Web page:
Joe continues to tell to Seligman the story of her life. Joe lives with Jerôme and their son Marcel and out of the blue, she loses sexual sensation in intercourse. Joe seeks kinky sex, perversions and sadomasochism expecting to retrieve her sex drive. Jerôme leaves home with Marcel and gives his son to a foster house for adoption. Then Joe is sent to therapy by her gynecologist but she does not admit that she is addicted to sex. Meanwhile Seligman tells Joe that he is virgin and helps her to understand her actions. Joe believes that Seligman is her friend, but is he?Written by
Claudio Carvalho, Rio de Janeiro, Brazil
During the chapter The Mirror, after Seligman explains that the top of the diamond is called a mirror in some languages and Joe mentions he has a mirror on the wall, you can clearly see the camera and crew members reflected in it. You even see the camera move as it pans right. See more »
The human qualities can be expressed in one word: Hypocrisy. We elevate those who say "right" but mean "wrong" and mock those who say "wrong" but mean "right." By the way, I can assure you that women who claim that negros don't turn them on, they're lying.
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Near the very end of the credits there is this disclaimer: "None of the professional actors had penetrative sexual intercourse and all such scenes were performed by body doubles." See more »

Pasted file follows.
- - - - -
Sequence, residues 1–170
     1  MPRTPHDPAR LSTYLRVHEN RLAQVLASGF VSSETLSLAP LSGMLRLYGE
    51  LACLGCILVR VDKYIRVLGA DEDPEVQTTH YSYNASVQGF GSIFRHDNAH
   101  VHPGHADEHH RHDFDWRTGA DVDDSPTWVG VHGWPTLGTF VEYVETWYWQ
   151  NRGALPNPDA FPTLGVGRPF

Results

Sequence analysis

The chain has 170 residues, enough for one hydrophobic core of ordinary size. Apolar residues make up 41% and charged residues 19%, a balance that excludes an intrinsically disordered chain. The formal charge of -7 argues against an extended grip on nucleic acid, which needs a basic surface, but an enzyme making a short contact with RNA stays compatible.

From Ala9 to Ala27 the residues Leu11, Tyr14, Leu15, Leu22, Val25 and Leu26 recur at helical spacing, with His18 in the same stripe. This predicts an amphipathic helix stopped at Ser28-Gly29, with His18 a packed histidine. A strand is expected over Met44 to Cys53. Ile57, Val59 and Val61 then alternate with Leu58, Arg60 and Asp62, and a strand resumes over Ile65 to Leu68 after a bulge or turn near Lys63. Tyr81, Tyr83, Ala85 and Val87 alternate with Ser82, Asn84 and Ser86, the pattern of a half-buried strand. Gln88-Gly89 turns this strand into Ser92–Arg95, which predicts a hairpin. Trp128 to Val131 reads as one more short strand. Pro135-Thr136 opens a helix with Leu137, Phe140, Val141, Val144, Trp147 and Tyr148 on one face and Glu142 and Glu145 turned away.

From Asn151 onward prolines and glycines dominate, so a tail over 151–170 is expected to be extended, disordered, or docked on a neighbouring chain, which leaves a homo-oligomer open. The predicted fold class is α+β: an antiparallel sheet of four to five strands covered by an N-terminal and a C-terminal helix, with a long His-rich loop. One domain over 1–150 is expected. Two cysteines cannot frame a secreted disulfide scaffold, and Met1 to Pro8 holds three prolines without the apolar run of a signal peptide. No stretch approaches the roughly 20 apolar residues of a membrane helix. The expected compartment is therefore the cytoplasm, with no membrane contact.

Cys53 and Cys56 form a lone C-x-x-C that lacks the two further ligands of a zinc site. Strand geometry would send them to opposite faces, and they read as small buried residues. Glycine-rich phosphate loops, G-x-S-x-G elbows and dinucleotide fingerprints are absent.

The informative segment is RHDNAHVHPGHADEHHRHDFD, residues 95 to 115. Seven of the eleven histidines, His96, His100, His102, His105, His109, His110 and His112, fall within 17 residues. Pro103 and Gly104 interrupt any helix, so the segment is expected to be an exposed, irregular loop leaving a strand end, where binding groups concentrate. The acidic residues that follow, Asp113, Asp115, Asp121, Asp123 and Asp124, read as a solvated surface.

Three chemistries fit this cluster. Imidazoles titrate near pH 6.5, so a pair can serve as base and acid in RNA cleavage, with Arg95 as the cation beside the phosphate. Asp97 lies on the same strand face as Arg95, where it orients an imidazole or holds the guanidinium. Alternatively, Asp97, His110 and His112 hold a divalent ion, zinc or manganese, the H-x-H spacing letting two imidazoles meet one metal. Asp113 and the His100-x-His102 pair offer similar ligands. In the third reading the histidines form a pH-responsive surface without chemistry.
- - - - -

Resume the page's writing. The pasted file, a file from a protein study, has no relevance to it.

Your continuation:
The director's cut adds roughly 57 minutes of footage, expanding some of the subplots. See more »
Bitter, sad, filled with dishonorable and dirty animal desire, but fun and mind challenging at the same time.
The second half of Von Trier's latest is not as solid as the first. And, the blasphemous theme is lost in some sort of unsteady rebellion against societal / cultural oppression of women. This aspect is unsteady because if feels like there is also a certain level of sadistic eroticism where the woman is firmly position as the object of cruelty.
All together, it's a really smart, honest and daring look at sexual addiction and dysfunction... then there is this off the rails third act which is completely unnecessary and ridiculous.
While it meanders a little after Volume 1, and the plot makes some baffling leaps, it is still electrifying and well worth viewing, particularly when viewed right after part one.
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